Reverse phase protein microarrays and their utility in drug development

Maria Isabella Sereni, Mariaelena Pierobon, Roberto Angioli, Emanuel F. Petricoin, Mitchell J. Frederick

Research output: Chapter in Book/Report/Conference proceedingChapterpeer-review

11 Scopus citations


The majority of human diseases, including cancer, are characterized by abnormal protein function. Proteins regulate virtually every cellular process and exhibit multiple kinds of post-translational modification that modulate expression levels and activation states, such as phosphorylation by protein kinases. Additionally proteins interact with each other in complex regulatory networks and signal transduction pathways modulated by feedback mechanisms. These pathways are disrupted in disease and altered by therapeutic drugs. Reverse phase protein microarray (RPMA) technology allows simultaneous measurement of numerous phosphorylated, glycosylated, cleaved, or total cellular proteins from complex mixtures in many samples at once. Therefore, RPMAs can provide a portrait of a cell's signaling pathways in diseased states, before and after treatment with drugs, and allows comparison of changes in drug-resistant and sensitive cells. Furthermore, the technology offers a means of connecting genomic abnormalities in cancer to targetable alterations in protein signaling pathways, even for genetic events that seem otherwise undruggable. Consequently, the RPMA platform has great utility in many steps of drug development including target identification, validation of a pharmaceutical agent's efficacy, understanding mechanisms of action, and discovery of biomarkers that predict or guide therapeutic response. RPMAs have become a powerful tool for drug development and are now being integrated into human clinical cancer trials, where they are being used to personalize therapy.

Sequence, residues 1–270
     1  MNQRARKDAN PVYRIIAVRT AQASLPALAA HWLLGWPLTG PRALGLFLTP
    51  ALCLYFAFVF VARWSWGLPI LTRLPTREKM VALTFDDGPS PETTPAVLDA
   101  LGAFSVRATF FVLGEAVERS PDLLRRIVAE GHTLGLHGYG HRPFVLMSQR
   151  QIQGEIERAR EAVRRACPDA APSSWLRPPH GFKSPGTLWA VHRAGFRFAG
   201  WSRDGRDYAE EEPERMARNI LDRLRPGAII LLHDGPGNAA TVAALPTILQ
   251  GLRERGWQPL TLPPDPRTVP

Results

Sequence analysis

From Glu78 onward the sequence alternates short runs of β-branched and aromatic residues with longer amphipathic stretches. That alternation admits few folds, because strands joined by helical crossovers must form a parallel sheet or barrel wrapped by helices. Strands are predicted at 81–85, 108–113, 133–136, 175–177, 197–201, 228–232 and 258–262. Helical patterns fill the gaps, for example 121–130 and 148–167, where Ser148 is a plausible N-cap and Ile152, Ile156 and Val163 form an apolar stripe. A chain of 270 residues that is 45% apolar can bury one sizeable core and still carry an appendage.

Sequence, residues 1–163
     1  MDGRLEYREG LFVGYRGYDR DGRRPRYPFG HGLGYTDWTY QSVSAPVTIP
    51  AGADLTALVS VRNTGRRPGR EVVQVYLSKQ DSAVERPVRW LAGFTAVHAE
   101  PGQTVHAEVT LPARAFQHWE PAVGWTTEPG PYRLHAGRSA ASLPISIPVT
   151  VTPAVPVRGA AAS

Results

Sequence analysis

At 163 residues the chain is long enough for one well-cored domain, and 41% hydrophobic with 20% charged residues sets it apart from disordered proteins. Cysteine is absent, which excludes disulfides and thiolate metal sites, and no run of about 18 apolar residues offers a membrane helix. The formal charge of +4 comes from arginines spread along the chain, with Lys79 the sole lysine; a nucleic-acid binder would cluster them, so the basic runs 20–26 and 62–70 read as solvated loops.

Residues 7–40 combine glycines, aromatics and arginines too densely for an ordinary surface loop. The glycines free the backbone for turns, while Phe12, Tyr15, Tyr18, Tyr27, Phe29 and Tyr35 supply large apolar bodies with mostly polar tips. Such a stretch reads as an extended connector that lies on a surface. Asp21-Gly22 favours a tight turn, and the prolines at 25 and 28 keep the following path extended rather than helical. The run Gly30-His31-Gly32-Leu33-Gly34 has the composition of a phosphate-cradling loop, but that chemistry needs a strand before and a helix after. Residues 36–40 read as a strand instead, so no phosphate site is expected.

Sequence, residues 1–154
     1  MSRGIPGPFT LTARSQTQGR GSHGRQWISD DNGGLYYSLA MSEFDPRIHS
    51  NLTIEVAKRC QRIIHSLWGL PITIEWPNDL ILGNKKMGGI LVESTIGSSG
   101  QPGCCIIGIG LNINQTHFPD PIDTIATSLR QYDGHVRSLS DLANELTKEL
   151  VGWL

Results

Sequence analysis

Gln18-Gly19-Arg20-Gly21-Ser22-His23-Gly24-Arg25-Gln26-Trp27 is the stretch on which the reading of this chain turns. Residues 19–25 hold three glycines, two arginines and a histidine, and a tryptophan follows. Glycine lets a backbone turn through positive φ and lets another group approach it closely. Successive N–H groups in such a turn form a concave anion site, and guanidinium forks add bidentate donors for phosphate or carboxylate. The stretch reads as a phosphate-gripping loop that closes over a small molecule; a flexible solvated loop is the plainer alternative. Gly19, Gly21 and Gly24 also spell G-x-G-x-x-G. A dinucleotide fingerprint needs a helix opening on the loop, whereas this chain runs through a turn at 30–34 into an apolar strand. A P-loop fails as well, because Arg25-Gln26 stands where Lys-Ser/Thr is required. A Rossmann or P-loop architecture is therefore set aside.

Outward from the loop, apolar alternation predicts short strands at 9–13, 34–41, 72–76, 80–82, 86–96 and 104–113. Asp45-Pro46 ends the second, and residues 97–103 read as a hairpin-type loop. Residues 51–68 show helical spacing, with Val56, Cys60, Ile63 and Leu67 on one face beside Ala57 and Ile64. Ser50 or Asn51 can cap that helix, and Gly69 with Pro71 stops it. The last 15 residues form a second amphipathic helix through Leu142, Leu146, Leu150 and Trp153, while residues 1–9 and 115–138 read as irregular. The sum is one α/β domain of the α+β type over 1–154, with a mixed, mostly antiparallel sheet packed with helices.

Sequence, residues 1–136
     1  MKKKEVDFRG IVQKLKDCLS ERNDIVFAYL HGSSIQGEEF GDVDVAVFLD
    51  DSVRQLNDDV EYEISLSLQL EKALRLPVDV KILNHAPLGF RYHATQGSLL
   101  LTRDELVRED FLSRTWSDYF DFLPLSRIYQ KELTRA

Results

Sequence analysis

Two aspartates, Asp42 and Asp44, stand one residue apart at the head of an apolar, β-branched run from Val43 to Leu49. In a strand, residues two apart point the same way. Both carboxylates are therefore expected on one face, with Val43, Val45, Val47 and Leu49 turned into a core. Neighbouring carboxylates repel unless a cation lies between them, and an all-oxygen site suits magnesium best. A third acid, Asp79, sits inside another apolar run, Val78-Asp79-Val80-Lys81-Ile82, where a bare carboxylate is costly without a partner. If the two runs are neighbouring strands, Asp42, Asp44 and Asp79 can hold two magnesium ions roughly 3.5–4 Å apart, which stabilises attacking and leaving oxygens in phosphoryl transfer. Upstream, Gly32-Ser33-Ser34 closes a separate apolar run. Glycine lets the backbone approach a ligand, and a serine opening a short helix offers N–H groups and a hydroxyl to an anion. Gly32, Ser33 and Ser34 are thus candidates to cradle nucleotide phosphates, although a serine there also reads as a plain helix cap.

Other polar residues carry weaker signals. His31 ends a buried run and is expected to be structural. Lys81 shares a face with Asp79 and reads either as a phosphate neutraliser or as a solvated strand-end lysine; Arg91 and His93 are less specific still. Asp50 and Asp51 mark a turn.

Original languageEnglish
Title of host publicationTarget Identification and Validation in Drug Discovery
Subtitle of host publicationMethods and Protocols
PublisherHumana Press Inc.
Number of pages28
ISBN (Print)9781627033107
StatePublished - 2013

Publication series

NameMethods in Molecular Biology
ISSN (Print)1064-3745


  • Biomarkers
  • Drug development
  • Drug discovery
  • RPMA
  • RPMA in Drug Development
  • Reverse phase protein microarrays


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